Tesla Motors CEO Elon Musk. Picture: REUTERS
Tesla Motors CEO Elon Musk. Picture: REUTERS

Shares in Tesla fell more than 3% in intraday trade on Monday after the electric carmaker abandoned a plan to go private, with some analysts suggesting it should either replace CEO Elon Musk or appoint another strong senior manager.

The billionaire entrepreneur said in a blog post late on Friday that consultations, done with the help of Goldman Sachs and Morgan Stanley, had shown most of Tesla’s existing shareholders opposed the deal that he proposed on Twitter three weeks ago to widespread shock on Wall Street.

Tesla’s shares, already down nearly 15% from a peak on August 7 when Musk tweeted that he had "funding secured" for a buyout at $420 a share, initially fell more than 5% in European and premarket trading in New York. They recovered, however, to stand 3.6% lower at $311.17 by mid-morning in New York.

A series of notes from Wall Street analysts questioned Musk’s credibility in the face of a possible investigation by the US Securities and Exchange Commission into the factual accuracy of the August 7 tweet.

"Musk’s involvement in the company is critical, but now more than ever a solid #2 — someone with strong operational background that can help Tesla move from ideas to execution — is crucial," analyst Joseph Spak from RBC Capital Markets wrote in a client note.

Tesla said on Sunday it was not searching for a COO. "While we are always looking for highly talented executives … there is no active COO search," a spokesperson said by e-mail.

With Musk’s idea for a buyout backed by Saudi Arabia’s sovereign wealth fund now off the table, attention is zeroing in on Tesla’s efforts to become profitable, its cash reserves and what steps Musk could take to raise fresh capital.

Tesla had $2.78bn in cash at the end of the second quarter, when it reported a record $718m loss.

In early August, before the buyout plan was made public, Tesla reiterated a forecast that it would achieve profit in the third and fourth quarters, under normal accounting rules, and Musk said the company would not need to raise more cash.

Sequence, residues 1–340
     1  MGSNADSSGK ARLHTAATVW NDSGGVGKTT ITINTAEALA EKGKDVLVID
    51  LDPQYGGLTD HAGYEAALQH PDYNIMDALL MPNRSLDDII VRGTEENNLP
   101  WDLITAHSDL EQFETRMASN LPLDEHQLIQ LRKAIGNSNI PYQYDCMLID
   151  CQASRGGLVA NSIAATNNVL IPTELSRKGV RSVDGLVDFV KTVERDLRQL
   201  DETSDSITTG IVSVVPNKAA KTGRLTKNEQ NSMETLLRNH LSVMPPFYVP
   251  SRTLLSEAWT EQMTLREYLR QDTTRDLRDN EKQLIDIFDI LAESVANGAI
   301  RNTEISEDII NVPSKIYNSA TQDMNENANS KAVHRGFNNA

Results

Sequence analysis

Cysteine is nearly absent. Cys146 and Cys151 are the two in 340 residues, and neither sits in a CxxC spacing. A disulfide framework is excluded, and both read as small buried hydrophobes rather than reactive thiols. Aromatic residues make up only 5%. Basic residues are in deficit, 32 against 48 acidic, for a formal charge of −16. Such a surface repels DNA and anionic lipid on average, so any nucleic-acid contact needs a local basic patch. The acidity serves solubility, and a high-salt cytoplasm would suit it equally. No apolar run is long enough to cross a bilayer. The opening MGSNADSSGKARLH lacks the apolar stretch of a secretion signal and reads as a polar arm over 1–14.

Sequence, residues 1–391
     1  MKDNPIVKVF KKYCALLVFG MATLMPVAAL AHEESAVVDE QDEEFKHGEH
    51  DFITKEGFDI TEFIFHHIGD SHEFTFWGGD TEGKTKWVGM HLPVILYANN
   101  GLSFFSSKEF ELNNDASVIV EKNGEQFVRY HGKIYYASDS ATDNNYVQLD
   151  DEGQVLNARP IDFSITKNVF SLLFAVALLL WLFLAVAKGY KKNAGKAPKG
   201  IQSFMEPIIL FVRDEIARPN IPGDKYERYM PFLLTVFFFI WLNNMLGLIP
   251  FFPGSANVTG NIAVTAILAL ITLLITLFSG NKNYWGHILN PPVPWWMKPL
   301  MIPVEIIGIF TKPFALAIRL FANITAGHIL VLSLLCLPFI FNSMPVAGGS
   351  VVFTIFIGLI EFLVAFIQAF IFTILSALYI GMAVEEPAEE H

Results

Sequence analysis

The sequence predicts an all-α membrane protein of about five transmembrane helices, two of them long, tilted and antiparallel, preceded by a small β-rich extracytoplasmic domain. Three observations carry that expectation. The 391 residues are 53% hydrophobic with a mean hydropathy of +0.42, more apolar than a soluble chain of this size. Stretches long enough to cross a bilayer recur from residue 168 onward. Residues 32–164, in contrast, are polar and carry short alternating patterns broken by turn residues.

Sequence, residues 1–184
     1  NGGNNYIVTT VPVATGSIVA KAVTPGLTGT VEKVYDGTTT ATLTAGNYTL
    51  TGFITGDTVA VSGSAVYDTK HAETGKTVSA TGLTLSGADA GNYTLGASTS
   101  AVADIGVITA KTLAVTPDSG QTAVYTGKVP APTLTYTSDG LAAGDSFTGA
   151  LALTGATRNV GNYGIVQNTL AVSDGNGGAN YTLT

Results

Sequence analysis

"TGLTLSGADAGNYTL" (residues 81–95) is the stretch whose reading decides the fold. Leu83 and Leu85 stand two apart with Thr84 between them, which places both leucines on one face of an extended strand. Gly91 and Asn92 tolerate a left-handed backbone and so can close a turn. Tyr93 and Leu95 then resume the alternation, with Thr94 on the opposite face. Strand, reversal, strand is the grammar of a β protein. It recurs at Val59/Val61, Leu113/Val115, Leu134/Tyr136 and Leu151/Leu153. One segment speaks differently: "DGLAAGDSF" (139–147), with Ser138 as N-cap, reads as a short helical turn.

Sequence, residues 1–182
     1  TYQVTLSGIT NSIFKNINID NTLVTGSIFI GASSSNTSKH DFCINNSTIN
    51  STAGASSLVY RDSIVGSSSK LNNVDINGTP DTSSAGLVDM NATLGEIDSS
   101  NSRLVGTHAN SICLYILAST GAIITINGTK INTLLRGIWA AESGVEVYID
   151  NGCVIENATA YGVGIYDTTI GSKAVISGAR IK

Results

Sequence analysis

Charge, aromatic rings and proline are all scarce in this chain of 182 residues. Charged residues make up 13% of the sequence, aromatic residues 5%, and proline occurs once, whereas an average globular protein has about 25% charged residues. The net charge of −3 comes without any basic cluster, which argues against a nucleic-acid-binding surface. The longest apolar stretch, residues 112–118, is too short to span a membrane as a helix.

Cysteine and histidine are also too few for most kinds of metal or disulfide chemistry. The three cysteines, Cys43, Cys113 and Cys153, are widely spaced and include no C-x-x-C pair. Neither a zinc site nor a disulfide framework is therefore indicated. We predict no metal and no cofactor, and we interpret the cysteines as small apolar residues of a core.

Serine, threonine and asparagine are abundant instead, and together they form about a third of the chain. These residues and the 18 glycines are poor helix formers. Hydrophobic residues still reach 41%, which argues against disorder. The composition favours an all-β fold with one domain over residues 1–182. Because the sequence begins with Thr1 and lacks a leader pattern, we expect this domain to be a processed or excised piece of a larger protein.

A Tesla spokesperson on Sunday referred to those previous comments.

"With its long-term mission intact but short-term growth shaky, serious gaps in execution skills and a board under pressure for not assuming its duties, now may be the time for third parties to get involved, be it from technology or even oil," Jefferies analyst Philippe Houchois told clients.

One of Tesla’s biggest challenges is ramping up production of the Model 3, which is critical to its profitability goals.

Tesla’s shares are still 27% above a low of $244.59 hit on April 2, a day before the electric carmaker released its production and Model 3 deliveries report for the first quarter.

Investors in Tesla’s bonds and convertible debt had already shown scepticism that the tens of billions of dollars needed for the buyout would materialise, unconvinced by Musk’s tweet or subsequent blog post in which he could only make the case for going private and did not list clear backing.

Analysts have suggested a capital raise may be required soon to boost investor confidence, but investment bankers who are not working for the company said at the weekend that such a move would contradict Musk’s promise that Tesla is adequately funded.

This week is an inopportune time for a capital raising, given that many bankers and investors are away ahead of the September 3 Labor Day holiday.

"We see the company raising $2bn [in the fourth quarter] through convertible debt, which may prove a challenge if there still is an ongoing [Securities and Exchange Commission] case open," Cowen and Co analyst Jeffrey Osborne wrote in a client note.